#OTD Today is the anniversary of the death of the Irish experimental physicist John Tyndall who died on this day in 1893.

Tyndall made many discoveries in the field of infrared radiation, including discovering the link between atmospheric CO2 and what is now known as the Greenhouse effect in 1859. Today, we know that a female scientist named Eunice Foote was actually the first to discover the impact - three years before Tyndall in 1856.

That said, Tyndall is best known for learning why the sky is blue. It turns out that light scattering through molecules suspended in the atmosphere creates the color, which is sometimes referred to as Tyndall Blue. As all gardeners know, there is nothing more beautiful than the garden set against the backdrop of a brilliant blue sky. John Tyndall was one of Ireland’s most successful scientists and educators.



#OTD Today is the birthday of the charismatic Australian gardener, designer & writer Edna Walling who was born on this day in 1896. Edna created some gorgeous gardens in Australia. She is remembered for her beautifulwonderful books on gardening & landscaping. Edna worked nonstop for four decades between the 1920s and 1960s, creating over 300 gardens. Many Australians regard her as the most excellent landscape designer that Australia has ever known. Her books and garden designs continue to be an inspiration. Edna was a conservationist at heart. And, Edna was ahead of her time. She advocated for the use of native plants, which were naturally drought-hardy - a must for the harsh climate of Australia. And, given her pragmatism, Edna usually preferred perennials over annuals. She wrote about the backlash that she received from a friend in November 1941:

"[I got] a letter from a friend the other day who addressed me "Dear Anti-annual!" Oooooh, what have I said? Something rude about Iceland poppies or asters? How narrow-minded of me. "If you can't grow them yourself you needn't be snippy about them", she thinks."

It was Edna Walling who said,

"Nature is our greatest teacher."

Edna's work and legacy were brought to light by Peter Watts, who wrote about Edna as part of his thesis in college. The paper became the basis for a book published by the National Trust, and it fueled Peter's love for historic gardens. In an article for by Georgina Reid, Watts said that,

"Walling would be regarded now as a bit old-fashioned. She was a gardener’s designer – a brilliant plantswoman who understood the subtleties of gardening and design... [and that Edna] always thought gardens should be just a bit bigger than they needed so that you couldn’t control them entirely."



#OTD On this day in 1897, executors for the botanist Baron von Mueller's estate posted a request for donations in newspapers.

The plan was to raise money for a monument over von Mueller's grave in the St. Hilda Cemetery in Melbourne.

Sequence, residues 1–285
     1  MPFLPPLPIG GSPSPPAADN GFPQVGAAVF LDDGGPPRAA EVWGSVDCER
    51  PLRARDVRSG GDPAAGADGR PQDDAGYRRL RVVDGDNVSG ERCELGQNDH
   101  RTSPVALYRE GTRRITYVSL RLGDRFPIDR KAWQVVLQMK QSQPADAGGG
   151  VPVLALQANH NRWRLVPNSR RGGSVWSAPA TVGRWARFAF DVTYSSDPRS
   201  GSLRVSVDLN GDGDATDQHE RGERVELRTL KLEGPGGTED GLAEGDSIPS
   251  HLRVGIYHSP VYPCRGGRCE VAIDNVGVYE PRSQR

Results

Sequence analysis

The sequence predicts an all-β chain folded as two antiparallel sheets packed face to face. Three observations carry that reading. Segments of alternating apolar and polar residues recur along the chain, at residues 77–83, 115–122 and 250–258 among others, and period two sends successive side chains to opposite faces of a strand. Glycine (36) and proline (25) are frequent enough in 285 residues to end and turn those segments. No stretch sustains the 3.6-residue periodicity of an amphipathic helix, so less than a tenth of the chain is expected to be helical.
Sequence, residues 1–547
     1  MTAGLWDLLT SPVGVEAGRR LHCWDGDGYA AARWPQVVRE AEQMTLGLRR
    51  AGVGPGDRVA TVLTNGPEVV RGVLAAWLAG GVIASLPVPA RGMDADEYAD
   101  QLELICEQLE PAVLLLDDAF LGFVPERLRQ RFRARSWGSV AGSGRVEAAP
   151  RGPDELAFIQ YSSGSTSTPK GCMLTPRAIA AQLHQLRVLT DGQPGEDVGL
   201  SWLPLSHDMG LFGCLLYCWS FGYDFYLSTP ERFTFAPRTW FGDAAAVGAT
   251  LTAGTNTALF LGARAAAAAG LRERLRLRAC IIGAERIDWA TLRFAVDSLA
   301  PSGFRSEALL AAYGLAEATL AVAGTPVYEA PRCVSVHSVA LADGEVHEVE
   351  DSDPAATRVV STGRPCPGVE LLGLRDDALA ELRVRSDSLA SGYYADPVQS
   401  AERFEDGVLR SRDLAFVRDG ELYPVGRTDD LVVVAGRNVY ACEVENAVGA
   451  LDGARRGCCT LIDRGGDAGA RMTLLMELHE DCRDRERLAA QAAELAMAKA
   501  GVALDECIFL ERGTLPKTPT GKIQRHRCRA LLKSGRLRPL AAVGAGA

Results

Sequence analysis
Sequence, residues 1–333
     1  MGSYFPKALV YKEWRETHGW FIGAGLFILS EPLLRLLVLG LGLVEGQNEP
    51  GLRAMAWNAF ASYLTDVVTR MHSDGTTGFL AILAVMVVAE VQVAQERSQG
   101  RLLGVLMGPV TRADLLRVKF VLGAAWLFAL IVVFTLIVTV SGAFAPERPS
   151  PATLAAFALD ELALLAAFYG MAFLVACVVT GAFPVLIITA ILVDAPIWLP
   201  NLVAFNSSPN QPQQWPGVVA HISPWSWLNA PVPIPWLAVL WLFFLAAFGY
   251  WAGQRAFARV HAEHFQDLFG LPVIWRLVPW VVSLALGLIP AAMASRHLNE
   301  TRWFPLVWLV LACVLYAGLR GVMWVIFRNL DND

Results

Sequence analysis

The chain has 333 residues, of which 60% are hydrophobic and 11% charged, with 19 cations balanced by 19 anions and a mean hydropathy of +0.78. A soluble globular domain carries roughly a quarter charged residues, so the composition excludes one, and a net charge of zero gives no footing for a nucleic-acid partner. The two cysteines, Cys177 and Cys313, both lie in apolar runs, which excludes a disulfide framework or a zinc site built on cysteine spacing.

Four years later, by the end of November in 1901, newspapers announced that the monument was unveiled at a small ceremony with friends and government officials.

The effort to establish the monument was led by Mueller's friend, Reverand Potter. Potter recalled that Mueller had

"expressly desired that only wildflowers and grasses should grow upon his grave until such time as a worthy monument could be erected."

Mueller's monument is a tall stone obelisk topped with an urn. A copper medallion shows his profile and the inscription on the monument ends with these words by Friedrich Schiller, the Baron’s favorite poet:

"Despair not! There are still noble hearts that glow for the august and sublime."



Unearthed Words

The American naturalist, Edwin Way Teale has given us some marvelous prose about birds and winter in his books: A Walk Through the Year, Circle of the Seasons: The Journal of a Naturalist's Year, and Wandering Through Winter: A Naturalist's Record of a 20,000-Mile Journey Through the North American Winter. During World War II, Teale’s son, David, was killed in Germany. Teale and his wife began traveling across the country by automobile. The trips helped them cope with their grief and became an integral part of Teale's writing. Their 1947 journey, covering 17,000 miles in a black Buick and following the unfolding spring, led to Teale's book North with the Spring.

Additional road trips lead to more books: Journey Into Summer, Autumn Across America, and Wandering Through Winter.

Wandering Through Winter won the Pulitzer Prize in 1966.

Here are some of Teale's thoughts on winter and birds:

“The "dead of winter" ----- how much more dead it would be each year without the birds!”

“On the roughest days of winter, when life seems overwhelmed by storm and cold, watch a chickadee, observe in good cheer and take heart.”

“Bluebird of the loveliest manifestations of the color blue.”

My favorite Edwin Way Teale quote honors his thoughts about life. They are especially poignant when one thinks that he wrote them after losing his son:

“How strangely inaccurate it is to measure the length of living by length of life! The space between your birth and death is often far from a true measure of your days of living.”